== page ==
This reduced PSV from control to stage III OSMF showed clinical correlation with degree of fibrosis and severity of condition. This is similar to the only study in the literature by Manjunath et al., who performed intracavitary pre- and post-treatment ultrasonographic PSV evaluation in OSMF patient. They found that USG demonstrates fibrous bands and pattern of overall vascularity in the affected area. Vascularity of mucosa overlying the band was found to be decreased with reduced flow velocity, while in between the bands were normal. They found USG peripheral venous PSV value was helpful in monitoring treatment prognosis and altering treatment schedule if needed.
| Conclusion|| |
OSMF is a chronic inflammatory premalignant condition in which the severity varies site to site and requires effective assessment, management, and periodic follow-ups. It can be used as adjuvant diagnostic method or established methods to clinical and histopathological evaluation. USG is a valuable, noninvasive, affordable, and zero radiation diagnostic tool, which is easily accepted by patients and less time consuming. So, USG can be a promising tool for diagnosis, for assessment of the severity and for evaluation of prognosis of OSMF.
Financial support and sponsorship
Conflicts of interest
There are no conflicts of interest.
| References|| |
Murgod VV, Kale AD, Angadi PV, Hallikerimath S. Morphometric analysis of the mucosal vasculature in oral submucous fibrosis and its comparison with oral squamous cell carcinoma. J Oral Sci 2014;56:173-8.
Rajendran R. Oral submucous fibrosis: Etiology, pathogenesis, and future research. Bull World Health Organ 1994;72:985-96.
Kumar BS, Mahabob MN. Ultrasound in dentistry – A review. JIADS 2010;1:44-5.
Manjunath K, Rajaram PC, Saraswathi TR, Sivapathasundharam B, Sabarinath B, Koteeswaran D, et al.
Evaluation of oral submucous fibrosis using ultrasonographic technique: A new diagnostic tool. Indian J Dent Res 2011;22:530-6.
] [Full text]
Rangaiah P, Annigeri R, Lingappa A. Transcutaneous ultrasonography assessment of oral submucous fibrosis: A preliminary Study. Int J Oral Med Sci 2010;9:137-47.
Krithika C, Ramanathan S, Koteeswaran D, Sridhar C, Satheesh Krishna J, Shiva Shankar MP, et al.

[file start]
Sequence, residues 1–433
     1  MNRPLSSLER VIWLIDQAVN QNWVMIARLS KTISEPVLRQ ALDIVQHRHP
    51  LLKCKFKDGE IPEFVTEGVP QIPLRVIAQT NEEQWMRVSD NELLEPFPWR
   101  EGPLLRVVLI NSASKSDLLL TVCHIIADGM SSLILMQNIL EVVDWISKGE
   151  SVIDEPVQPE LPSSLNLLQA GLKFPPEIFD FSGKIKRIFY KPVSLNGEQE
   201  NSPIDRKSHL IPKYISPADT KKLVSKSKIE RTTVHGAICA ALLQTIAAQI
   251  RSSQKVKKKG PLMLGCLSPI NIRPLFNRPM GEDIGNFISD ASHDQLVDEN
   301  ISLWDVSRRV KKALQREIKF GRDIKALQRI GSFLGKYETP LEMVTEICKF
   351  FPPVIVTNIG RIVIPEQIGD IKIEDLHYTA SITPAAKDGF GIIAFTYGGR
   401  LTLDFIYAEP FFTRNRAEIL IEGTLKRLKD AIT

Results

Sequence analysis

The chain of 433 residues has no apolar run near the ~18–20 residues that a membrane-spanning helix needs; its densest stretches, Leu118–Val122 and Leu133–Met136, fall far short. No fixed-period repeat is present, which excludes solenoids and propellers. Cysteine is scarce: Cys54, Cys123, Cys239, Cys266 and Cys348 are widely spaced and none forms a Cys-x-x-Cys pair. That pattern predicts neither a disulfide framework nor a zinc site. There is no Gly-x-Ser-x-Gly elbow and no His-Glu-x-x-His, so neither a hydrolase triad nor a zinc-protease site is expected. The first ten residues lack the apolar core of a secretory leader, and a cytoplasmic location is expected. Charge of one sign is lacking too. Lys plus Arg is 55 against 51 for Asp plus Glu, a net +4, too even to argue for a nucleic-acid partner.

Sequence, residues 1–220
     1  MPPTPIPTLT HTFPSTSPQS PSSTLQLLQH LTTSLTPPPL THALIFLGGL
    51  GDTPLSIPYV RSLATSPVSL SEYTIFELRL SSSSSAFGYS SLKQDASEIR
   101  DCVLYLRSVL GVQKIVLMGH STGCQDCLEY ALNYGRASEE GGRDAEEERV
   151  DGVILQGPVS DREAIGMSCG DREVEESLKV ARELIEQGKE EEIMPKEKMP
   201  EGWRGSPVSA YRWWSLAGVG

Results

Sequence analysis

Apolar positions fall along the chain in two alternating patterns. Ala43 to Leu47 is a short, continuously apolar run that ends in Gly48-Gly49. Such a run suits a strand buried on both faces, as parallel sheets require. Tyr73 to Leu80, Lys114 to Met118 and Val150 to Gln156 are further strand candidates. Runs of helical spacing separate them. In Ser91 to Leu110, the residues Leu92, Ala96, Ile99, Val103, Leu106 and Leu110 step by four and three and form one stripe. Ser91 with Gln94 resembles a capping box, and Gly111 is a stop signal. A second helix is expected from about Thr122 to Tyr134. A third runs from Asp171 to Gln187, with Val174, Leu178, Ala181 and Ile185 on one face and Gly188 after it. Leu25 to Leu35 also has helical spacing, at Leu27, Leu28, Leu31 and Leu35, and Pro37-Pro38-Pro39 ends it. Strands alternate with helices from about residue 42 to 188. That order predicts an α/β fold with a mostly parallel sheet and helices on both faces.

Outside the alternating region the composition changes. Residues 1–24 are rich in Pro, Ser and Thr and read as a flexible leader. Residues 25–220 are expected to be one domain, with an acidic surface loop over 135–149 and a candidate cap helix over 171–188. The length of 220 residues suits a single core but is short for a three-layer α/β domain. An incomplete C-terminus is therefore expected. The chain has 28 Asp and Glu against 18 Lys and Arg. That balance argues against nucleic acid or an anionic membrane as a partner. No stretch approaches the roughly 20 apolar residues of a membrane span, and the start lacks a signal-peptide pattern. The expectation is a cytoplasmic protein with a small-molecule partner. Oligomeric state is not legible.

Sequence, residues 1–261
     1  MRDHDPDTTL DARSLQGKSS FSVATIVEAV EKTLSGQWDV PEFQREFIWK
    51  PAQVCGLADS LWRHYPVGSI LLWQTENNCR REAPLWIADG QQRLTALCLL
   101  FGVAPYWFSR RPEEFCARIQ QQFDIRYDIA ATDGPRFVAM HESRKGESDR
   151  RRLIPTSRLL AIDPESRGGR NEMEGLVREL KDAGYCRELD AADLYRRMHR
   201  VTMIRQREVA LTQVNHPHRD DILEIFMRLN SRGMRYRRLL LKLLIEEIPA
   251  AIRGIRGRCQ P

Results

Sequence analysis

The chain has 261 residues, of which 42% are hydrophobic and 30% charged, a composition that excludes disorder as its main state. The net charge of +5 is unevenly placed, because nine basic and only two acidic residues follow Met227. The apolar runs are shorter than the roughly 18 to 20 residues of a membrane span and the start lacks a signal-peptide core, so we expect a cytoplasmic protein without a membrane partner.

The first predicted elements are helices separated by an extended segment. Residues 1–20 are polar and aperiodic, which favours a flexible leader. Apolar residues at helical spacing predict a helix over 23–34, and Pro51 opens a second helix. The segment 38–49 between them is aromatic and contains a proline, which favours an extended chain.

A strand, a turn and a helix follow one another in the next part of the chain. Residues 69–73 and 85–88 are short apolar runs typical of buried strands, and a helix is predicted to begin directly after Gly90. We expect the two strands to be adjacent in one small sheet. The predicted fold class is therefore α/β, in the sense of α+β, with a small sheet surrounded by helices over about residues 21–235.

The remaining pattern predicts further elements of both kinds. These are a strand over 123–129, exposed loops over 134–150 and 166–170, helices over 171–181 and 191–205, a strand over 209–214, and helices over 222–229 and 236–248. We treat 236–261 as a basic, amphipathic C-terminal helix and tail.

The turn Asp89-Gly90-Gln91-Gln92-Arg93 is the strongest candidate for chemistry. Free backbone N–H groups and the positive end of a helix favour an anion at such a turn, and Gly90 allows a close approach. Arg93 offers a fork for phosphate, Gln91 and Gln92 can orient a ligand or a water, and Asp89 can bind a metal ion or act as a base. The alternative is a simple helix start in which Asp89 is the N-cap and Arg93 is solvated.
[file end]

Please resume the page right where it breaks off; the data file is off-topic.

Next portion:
Ultrasonographic evaluation of oral submucous fibrosis in habitual areca nut chewers. Dentomaxillofac Radiol 2013;42:20120319.
Li SC, Liebling MS, Haines KA. Ultrasonography is a sensitive tool for monitoring localized scleroderma. Rheumatology (Oxford) 2007;46:1316-9.
Sharma S, Rasila D, Singh M, Mohan M. Ultrasound as a diagnostic boon in dentistry – A review. Int J Sci Stud 2014;2:70-6.
Devathambi JR, Aswath N. Ultrasonographic evaluation of oral submucous fibrosis and masseteric hypertrophy. J Clin Imaging Sci 2013;3:12.
] [Full text]
Tiwari M, Gupta M, Ghom S, Devi B. Ultrasonography evaluation of oral submucous fibrosis patient: A preliminary study. Int J Women Dent 2014;1:1-4.
Shetty D, Jayade BV, Joshi SK, Gopalkrishnan K. Accuracy of palpation, ultrasonography, and computed tomography in the evaluation of metastatic cervical lymph nodes in head and neck cancer. Indian J Dent 2015;6:121-4.
] [Full text]
Sureshkannan P, Vijayprabhu, John R. Role of ultrasound in detection of metastatic neck nodes in patients with oral cancer. Indian J Dent Res 2011;22:419-23.
] [Full text]
Tiwari B, Krishan M, Popli M, Iyer SR, Arora V. Ultrasonography and color Doppler in the differential diagnosis of periapical cyst and granuloma. J Contemp Dent 2014;4:17-21.
Srinivas K, Sumanth KN, Chopra SS. Ultrasonographic evaluation of inflammatory swellings of buccal space. Indian J Dent Res 2009;20:458-62.
] [Full text]
Gandhi R, Bhowate R, Nayyar AS, Gandhi S, Dongarwar G. Color Doppler-ultrasonography in oral squamous cell carcinoma: Making ultrasonography more meaningful. Adv Biomed Res 2016;5:29.
] [Full text]
Kundu H, Basavaraj P, Kote S, Singla A, Singh S. Assessment of TMJ disorders using ultrasonography as a diagnostic tool: A review. J Clin Diagn Res 2013;7:3116-20.
Kumar KS, Rastogi T, Kumar R, Sharma S, Singh AK, Jha JK. Role of ultrasonography in oral submucous fibrosis. BUJO 2015;1:27-32.
Thapasum AF, Rangdhol V, Mohammed F, Mohammad S, Shanmugam S. Gray-scale ultrasonographic imaging of the buccal mucosa in various stages of oral submucous fibrosis. Oral Radiol 2015;31:143.
[Figure 1], [Figure 2]
[Table 1], [Table 2]